• Nursefurby thats annoying but a compromise i guess we all have to make: go where the jobs are.

    JF, thats interesting, group trip to Costa Blanca/lets all move there and lead normal lives. although if they keep advertising that fact it might get over crowded.. lol

  • We could have a time-share village and take it in turns. I'm booking May to July! And just to be greedy, a couple of weeks in January for some winter sun!

  • JF, I'll have June or September plus time in winter. Too hot in July and August. Need to keep Vitamin D up too!

    In terms of best place to live, there are previous posts on this so will bump them up later. I know a GP has said to me in the past, any areas that are bowl shaped in terms of geography can lead to pollen and pollution building up which is often not good.

  • I am wondering TJ how the heat will feel if the humidity is down as over here 23'C is my trigger point. I am happy to experiment and try it over there and return home if it gets too hot... lol.

    Ooh, I am interested to hear about other places too. My asthma started whilst living in Bath (yes, in a bowl), on a main road in a very cold flat....

  • Hi all,

    We live by the sea in Cornwall!!

    Up until a year ago, we lived in rural cornwall and my daughter had loads of problems regarding her asthma. Our house was in a dip and surrounded by trees. Our house was also 200 years old and typically granite.

    Then, as I said, a year ago we moved next to the sea. We can hear the waves from our house. We go to the beach every day, even when it's bitter. I feel that the sea/salty air has really helped. Maddie is on saline nebs so I'm thinking the salty air is fairly similar!!

    It hasn't irradicated Asthma by any means as she is still brittle BUT its helped.

    As for moving, I'd choose the Canaries. We go every year and have a fortnight almost attack free. It's miraculous. Put it down to the warm weather but the sea breeze stopping the humidity building. :)

  • Hi

    Only one place to go for me Boracay in the Phillipines powder white beach clear warm blue sea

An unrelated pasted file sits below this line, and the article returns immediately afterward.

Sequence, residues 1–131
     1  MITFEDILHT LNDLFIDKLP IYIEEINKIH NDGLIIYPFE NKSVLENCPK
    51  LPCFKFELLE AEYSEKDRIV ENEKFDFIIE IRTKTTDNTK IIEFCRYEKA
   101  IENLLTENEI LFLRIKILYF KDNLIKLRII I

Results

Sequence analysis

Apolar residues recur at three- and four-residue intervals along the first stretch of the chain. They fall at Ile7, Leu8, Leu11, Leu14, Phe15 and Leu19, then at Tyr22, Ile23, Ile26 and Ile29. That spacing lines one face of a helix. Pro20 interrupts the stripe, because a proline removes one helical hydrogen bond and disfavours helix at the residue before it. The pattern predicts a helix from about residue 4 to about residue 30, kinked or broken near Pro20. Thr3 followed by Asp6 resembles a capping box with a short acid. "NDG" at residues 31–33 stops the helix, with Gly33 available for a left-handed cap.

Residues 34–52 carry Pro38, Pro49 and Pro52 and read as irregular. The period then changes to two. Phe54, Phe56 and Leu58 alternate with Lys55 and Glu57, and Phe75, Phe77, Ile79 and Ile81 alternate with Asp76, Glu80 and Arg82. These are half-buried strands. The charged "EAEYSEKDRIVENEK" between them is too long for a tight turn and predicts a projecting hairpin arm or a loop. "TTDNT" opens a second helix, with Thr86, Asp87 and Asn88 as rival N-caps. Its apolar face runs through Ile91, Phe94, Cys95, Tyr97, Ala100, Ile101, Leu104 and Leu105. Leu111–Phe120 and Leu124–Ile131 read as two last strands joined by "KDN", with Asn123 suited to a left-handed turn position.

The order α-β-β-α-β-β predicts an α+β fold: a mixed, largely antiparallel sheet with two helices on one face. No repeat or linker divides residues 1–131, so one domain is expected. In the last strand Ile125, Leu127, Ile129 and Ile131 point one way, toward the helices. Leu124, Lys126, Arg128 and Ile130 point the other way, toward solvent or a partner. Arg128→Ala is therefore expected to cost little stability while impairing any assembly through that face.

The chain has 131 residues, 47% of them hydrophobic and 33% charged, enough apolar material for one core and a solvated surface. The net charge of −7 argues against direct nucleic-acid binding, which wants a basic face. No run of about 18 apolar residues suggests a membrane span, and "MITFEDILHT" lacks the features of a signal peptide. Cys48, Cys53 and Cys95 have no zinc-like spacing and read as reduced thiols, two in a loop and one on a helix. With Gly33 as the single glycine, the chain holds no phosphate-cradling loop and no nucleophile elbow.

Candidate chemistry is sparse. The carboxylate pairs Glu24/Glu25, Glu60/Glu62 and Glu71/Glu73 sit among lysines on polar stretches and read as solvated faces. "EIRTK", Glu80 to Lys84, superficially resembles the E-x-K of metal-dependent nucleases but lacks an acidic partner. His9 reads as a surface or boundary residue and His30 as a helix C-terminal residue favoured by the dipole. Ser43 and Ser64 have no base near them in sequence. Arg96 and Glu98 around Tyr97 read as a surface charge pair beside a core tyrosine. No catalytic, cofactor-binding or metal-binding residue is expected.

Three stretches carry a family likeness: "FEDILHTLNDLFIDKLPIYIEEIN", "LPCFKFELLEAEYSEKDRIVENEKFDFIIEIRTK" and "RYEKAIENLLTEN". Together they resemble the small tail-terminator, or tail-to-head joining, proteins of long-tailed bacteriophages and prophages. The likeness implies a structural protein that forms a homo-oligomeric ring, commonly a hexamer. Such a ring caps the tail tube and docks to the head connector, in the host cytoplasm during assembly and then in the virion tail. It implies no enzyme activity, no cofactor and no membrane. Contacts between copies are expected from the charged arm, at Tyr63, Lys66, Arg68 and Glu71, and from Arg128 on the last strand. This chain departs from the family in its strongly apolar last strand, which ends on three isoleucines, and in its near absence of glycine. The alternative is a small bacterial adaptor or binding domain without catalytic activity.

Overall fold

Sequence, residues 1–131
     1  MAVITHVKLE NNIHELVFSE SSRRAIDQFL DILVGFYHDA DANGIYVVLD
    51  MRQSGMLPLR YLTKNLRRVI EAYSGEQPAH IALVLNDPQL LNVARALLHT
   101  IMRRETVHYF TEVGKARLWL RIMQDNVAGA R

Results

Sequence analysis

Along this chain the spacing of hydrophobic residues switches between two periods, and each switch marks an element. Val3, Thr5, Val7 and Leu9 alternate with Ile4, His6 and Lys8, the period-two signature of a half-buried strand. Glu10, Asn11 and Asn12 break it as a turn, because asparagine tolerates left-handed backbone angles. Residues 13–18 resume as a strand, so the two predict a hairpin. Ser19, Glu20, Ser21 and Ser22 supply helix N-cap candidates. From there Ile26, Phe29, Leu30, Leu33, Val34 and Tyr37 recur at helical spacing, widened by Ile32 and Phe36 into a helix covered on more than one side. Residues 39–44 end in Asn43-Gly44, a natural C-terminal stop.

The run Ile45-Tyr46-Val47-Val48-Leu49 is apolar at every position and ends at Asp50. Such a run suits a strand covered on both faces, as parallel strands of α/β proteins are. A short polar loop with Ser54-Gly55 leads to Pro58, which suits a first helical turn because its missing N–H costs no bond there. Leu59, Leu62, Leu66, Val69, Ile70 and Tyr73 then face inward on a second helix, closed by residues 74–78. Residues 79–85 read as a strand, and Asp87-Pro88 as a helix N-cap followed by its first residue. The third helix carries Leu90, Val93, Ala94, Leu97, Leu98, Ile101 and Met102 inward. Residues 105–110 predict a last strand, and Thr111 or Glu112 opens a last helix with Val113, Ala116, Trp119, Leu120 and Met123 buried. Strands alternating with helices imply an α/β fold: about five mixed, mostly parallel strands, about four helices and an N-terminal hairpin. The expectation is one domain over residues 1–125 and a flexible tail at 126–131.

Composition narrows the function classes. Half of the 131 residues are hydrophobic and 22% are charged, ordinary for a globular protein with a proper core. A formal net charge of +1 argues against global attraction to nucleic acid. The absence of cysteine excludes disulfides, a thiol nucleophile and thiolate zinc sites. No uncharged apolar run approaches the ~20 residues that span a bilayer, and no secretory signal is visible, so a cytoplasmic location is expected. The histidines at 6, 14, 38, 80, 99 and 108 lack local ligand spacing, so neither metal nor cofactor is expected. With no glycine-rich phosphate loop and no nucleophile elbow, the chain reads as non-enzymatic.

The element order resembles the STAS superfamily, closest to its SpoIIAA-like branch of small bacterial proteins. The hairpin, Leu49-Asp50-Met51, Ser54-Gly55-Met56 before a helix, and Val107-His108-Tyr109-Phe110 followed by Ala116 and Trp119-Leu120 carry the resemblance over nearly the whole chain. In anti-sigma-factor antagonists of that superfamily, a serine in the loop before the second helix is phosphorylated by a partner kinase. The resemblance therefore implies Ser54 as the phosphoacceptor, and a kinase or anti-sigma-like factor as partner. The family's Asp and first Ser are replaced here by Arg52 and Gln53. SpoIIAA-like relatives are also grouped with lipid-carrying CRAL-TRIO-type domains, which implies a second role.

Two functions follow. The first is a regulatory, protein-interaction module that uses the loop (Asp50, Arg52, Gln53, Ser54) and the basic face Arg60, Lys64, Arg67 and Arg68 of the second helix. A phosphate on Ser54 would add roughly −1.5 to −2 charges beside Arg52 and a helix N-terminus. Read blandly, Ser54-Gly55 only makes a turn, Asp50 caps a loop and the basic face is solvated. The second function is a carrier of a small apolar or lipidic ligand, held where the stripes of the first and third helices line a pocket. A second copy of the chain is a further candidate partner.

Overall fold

good food good shopping for the wife and cheap beer.

  • Adding my 2 pence to this post.

    I noticed location definitely has an effect.

    Back in the 1980's I used to live in St Austell, Cornwall and had bad asthma with occasional trips to hospital.

    In the 1990's I moved to Southend on Sea in Essex while I also started smoking O_O I noticed no difference.

    In 2007 I gave up smoking and gradually my asthma almost vanished hardly using my Ventolin and never using my becotide. Then in 2014 we moved to Helston in Cornwall down in the valley and my asthma started coming back.

    A year later we moved to Tehidy Camborne Cornwall (in the woods) and its getting worse.

    We are about to move to Blackpool in Lancashire guess I will update this after a year or two up that way.

    I think location has an effect weather its because of plant life pollen etc or humidity both very high down in Cornwall or sea air I just cant say. But I love Cornwall and will miss it terribly even if it makes my asthma worse :(

  • My asthma has been so unstable this last 3 years so I am going to move from Hexham , market town 20 miles inland from Newcastle upon Tyne. I am better in warmer less humid quiet places. I am going to give the Norfolk coast a go. Fingers crossed.

  • Good luck with Norfolk, Judith.

    I live in east Berkshire and rarely get even a sniff of a wheeze. I run regularly and, when I registered with my present surgery I hadn't had a new ventolin since before we'd moved to the area 4 years prior.

    We are also regulars to north Norfolk - visiting every summer. But if I stay for a prolonged period back comes my asthma. This time with a real vengeance. The weather has been pretty dry but with odd rainy days or over night. The late evenings get damp anyway. And I'm as wheezy as hell. My wife and I had a lovely evening picnic in a field followed by a few pints at the local one evening and I think that evening was the moment my lungs decided they'd decided it was all too much!

    My wife has relegated me to one of children's beds so she can get some sleep while I wake suddenly to cough and fumble for my inhaler. I've been through the best part of a ventolin in a week.

    I'm looking forward to getting home where there's less open ground which makes for less moisture. Yet I love the countryside and the coast. It's plain demoralising!

    I'll be back to the docs for refills and because I used to have pinky-purple inhaler (can't remember the name) which the doctor said I clearly didn't need as I'd been without a refill of that or the ventolin for so many years. But I like that one cos it got rid of any hint of asthma just like that.

    I wonder it being different for us all - I'm used to the town so maybe my lungs don't like the country. And those from the country don't like the city......!